The uppermost wellspring of this river of time burst from the ground in 1948. I had borrowed a book from the Kingsbridge branch of the New York public library system titled “Trout,” by Ray Bergman. To a plug-casting bass fisherman, the hundreds of delicate flies shown in this book, painted by Dr. Edgar Burke, seemed too pretty to possibly catch fish. These flies came in every shade and color imaginable. Also, they had wonderful, magical names, such as the Queen of the Waters, Rio Grande King, Parmachenie Belle, Kingfisher, Light Edson Tiger and the Black Ghost. That these dainty flies were used to catch trout seemed unimaginable. In comparison with these flies, my bait casting lures, the Heddon River Runts and Creek Chub Pikie Minnows, suddenly seemed embarrassingly clumsy.
After reading this book, my wife Barbara Ann and I were both overwhelmed with a desire to become fly fishers. It seemed to us, as already married teenagers, that that which we desired, we would achieve. This, even though we did not own a fly rod or any other fly fishing equipment. Nor did we know anyone who fly fished. This did not deter us. We wished to explore this new world of delicate flies and long bamboo rods. Our first fly rods were inexpensive, purchased in 1949. We had no idea of what a difficult and sometimes discouraging journey we were about to embark on. Keep in mind there was no Federation of Flyfishers or Trout Unlimited to show us the way. We would have to learn by trial and error. We soon discovered that errors were lurking, hidden, in every pool and riffle on the small streams we would be fishing. On many a cast, bank-side trees would somehow stretch out their limbs to snatch away our flies.
Early in 1950, we made a wise decision. We abandoned our low-priced rods and purchased two beautiful rods, built by that renowned rod builder, Nat Uslan. These rods certainly enhanced our casting. However, the stream fish we caught were still only small sunfish. Then, on May 21, 1950, I “broke the ice.” This day, on Boyds outlet, I witnessed my first ever mayfly hatch. Trout were rising all around me. Despite all this feeding activity, the fish refused to take the flies I cast to them. In desperation, I put on a Brown Bivisible that I had tied from a kit, given to me by Barbara Ann.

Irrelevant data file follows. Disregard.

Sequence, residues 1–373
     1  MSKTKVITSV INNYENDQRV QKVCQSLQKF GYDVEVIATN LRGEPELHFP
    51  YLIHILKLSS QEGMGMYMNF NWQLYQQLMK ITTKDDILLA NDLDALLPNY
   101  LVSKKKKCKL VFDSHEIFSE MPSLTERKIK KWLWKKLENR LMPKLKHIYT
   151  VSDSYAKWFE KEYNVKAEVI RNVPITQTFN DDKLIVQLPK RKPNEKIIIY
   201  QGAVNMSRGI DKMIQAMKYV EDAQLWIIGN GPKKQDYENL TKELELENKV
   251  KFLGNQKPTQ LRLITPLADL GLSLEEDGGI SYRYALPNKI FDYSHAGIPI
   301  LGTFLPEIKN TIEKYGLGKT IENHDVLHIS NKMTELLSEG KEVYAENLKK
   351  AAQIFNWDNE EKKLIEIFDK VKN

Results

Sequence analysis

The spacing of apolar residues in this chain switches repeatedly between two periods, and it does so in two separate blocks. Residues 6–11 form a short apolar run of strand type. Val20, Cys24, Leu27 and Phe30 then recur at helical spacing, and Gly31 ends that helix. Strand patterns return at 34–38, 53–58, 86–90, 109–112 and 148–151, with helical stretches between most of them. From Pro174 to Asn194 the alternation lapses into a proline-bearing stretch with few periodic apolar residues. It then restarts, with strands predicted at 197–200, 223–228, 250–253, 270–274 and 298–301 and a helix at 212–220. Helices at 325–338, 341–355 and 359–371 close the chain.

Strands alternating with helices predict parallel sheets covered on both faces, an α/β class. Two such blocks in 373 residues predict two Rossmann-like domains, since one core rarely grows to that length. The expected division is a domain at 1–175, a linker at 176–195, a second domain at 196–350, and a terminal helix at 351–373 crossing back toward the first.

Miraculously, a brown trout eight inches long rose and took that fly. My first fly-caught trout was soon in my creel. I had completed the first leg of my journey. Now, I longed to see what lay upstream, around the bend.
That August, we spent six days fishing the Beaverkill and Willowemoc. Barb’s first fly-caught trout was taken from the Beaverkill: A fat brown of 11 inches, that fell for a size-14 Leadwing Coachman wet fly. That particular fly accounted for over half of the fish we took that week. We did not realize it, but it was Isonychia time on both rivers. Dumb luck led us to use the proper fly for early August.
Neither of us realized what a long trail still lay ahead. It has gone uphill and down, yet it has been great fun all the way. Wherever you are, thank you Ray Bergman.